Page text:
In the editorial, “Land Reform,” Douglass condemns land reform that is limited to white people.

“Land Reform,” Frederick Douglass’ Paper (Rochester, N.Y.), June 27, 1856, p. 2.

In “The Shame of America,” Douglass emphasizes the disgrace of celebrating Independence Day while people are enslaved.

“The Shame of America,” Frederick Douglass’ Paper (Rochester, N.Y.), June 27, 1856, p. 2.

One of Douglass’ best known speeches, given on July 5, 1852, has this same Independence Day theme. It is reprinted in Frederick Douglass’ Paper, July 9, 1852, p. 2-3, under the title, “The Celebration at Corinthian Hall,” with its most famous passage beginning: “What to the American slave, is your 4th of July?

Frederick Douglass’ Paper, September 26, 1856

After three months, Douglass has moved from supporting the Radical Abolition Party presidential candidate Gerrit Smith to supporting John C. Frémont, the first Republican candidate in the upcoming November presidential election. Douglass also blasts Democratic candidate James Buchanan and Know Nothing Party candidate Millard Fillmore.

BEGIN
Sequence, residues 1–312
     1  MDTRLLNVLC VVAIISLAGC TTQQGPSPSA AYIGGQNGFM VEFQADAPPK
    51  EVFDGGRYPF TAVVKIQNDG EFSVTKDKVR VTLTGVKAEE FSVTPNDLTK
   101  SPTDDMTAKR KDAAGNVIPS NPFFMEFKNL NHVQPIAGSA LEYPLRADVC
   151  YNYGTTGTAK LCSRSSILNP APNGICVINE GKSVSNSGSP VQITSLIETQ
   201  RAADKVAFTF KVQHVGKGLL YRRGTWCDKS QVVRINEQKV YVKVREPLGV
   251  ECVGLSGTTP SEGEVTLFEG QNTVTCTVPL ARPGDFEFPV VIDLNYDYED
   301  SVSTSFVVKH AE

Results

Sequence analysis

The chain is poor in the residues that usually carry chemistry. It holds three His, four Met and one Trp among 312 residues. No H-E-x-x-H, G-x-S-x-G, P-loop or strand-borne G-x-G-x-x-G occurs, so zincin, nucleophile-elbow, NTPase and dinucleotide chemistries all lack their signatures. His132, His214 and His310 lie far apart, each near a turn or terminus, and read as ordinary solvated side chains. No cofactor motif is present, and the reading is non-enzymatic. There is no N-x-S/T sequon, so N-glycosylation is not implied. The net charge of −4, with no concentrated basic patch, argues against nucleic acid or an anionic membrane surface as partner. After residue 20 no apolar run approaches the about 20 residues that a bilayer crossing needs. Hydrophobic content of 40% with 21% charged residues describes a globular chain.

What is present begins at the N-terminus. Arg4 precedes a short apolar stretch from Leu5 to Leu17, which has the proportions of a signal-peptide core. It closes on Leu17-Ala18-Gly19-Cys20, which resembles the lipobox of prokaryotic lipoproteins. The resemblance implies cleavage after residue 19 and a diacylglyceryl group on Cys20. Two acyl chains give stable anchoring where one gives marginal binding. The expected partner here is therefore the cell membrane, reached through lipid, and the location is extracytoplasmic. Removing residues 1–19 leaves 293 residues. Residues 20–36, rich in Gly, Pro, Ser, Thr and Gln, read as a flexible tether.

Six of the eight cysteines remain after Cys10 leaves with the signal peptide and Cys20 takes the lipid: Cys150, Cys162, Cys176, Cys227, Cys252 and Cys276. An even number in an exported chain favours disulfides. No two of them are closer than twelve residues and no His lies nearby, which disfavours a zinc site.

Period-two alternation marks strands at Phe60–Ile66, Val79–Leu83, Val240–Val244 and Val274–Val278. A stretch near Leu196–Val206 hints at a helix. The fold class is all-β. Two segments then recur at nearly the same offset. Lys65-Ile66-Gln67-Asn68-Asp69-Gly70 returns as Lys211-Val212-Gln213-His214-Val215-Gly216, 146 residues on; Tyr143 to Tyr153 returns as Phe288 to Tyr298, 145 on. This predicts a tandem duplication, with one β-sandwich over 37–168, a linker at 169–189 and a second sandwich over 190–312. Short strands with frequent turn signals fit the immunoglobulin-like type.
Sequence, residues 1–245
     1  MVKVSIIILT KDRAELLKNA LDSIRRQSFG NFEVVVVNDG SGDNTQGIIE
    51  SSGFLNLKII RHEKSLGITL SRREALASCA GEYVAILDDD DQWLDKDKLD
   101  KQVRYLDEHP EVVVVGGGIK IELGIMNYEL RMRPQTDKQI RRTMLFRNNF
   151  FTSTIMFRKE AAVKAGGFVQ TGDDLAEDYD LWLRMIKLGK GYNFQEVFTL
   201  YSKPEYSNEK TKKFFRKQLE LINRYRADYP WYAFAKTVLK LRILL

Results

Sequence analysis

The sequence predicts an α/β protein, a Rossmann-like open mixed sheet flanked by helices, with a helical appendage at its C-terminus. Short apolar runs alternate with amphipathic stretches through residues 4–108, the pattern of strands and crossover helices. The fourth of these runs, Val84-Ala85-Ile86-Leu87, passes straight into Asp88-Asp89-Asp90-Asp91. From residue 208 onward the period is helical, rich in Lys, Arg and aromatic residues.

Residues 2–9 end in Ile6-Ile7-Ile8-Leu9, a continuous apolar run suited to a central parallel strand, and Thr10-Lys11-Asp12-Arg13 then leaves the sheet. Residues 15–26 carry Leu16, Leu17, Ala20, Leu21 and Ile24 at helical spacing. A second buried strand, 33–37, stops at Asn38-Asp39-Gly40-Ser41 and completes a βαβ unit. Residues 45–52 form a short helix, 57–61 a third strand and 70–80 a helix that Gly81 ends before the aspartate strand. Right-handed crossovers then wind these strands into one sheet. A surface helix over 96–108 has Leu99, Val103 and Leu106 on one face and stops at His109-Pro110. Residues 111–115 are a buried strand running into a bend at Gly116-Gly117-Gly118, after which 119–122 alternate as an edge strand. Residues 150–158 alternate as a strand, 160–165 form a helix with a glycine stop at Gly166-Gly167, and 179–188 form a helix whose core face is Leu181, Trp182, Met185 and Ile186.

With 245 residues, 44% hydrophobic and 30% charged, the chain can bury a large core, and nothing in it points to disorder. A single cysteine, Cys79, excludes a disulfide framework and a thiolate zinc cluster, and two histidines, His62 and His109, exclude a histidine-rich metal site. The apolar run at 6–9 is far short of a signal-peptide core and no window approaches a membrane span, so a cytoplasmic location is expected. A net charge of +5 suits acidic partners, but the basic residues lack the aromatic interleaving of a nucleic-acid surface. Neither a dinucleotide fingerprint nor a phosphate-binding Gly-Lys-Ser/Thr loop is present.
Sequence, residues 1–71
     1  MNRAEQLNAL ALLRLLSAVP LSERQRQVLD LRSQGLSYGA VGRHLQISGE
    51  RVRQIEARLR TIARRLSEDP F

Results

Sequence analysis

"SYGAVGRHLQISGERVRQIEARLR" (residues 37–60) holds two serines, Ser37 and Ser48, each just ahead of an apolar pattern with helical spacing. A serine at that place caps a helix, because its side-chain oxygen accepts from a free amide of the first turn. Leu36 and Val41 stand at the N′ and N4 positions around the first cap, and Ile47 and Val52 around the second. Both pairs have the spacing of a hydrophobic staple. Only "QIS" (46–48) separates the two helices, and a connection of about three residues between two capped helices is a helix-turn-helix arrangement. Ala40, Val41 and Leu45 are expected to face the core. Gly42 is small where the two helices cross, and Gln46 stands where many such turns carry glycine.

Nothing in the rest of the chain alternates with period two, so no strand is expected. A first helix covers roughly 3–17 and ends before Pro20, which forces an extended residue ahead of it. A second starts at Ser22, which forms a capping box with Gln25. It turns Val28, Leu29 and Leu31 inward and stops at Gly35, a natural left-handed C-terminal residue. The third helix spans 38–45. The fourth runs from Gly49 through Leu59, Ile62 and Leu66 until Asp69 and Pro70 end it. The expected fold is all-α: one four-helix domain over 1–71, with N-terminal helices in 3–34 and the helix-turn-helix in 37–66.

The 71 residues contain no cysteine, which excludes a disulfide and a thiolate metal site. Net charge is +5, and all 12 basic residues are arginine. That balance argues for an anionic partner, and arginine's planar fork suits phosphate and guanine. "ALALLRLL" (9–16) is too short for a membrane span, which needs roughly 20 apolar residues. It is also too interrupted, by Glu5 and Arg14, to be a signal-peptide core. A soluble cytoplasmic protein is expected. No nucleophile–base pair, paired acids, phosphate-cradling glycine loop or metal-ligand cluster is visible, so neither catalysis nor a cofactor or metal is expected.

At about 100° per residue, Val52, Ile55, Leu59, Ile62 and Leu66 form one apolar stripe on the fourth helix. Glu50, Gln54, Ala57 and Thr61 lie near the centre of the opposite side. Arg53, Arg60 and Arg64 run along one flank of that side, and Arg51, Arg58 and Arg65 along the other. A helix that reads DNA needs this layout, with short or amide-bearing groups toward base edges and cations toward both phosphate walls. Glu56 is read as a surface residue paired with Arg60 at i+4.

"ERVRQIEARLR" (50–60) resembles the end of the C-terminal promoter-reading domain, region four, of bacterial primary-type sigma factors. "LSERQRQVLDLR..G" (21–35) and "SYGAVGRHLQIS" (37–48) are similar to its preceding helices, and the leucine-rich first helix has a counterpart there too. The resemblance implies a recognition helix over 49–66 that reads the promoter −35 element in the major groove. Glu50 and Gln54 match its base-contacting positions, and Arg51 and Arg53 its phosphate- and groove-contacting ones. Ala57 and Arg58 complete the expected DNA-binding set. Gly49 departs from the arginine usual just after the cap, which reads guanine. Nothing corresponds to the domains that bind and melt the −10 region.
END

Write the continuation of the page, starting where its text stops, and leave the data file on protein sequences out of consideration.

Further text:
“Let the People Remember,” Frederick Douglass’ Paper (Rochester, N.Y.), September 26, 1856, p. 2.

Many more gems of Douglass’ writing and those of other abolitionists can be found in the newly added issues of Frederick Douglass’ Paper, as well as throughout the online collection.

Check out this earlier blog for more information: Frederick Douglass Newspapers, 1847-1874: Now Online.

Let us know in comments about your discoveries when searching Frederick Douglass Newspapers.

Comments (2)

    • Thank you for emphasizing the digital collections of Frederick Douglass newspapers available on the New York Heritage site courtesy of St. John Fisher College. The Library of Congress links to this website from our Frederick Douglass Newspapers site at About this Collection: Related Resources under External Websites. We also link to the website in our earlier blog post, Frederick Douglass Newspapers, 1847-1874: Now Online, under the heading Discover More. Fortunately, both of these digital collections complement each other and do not have a large amount of duplication.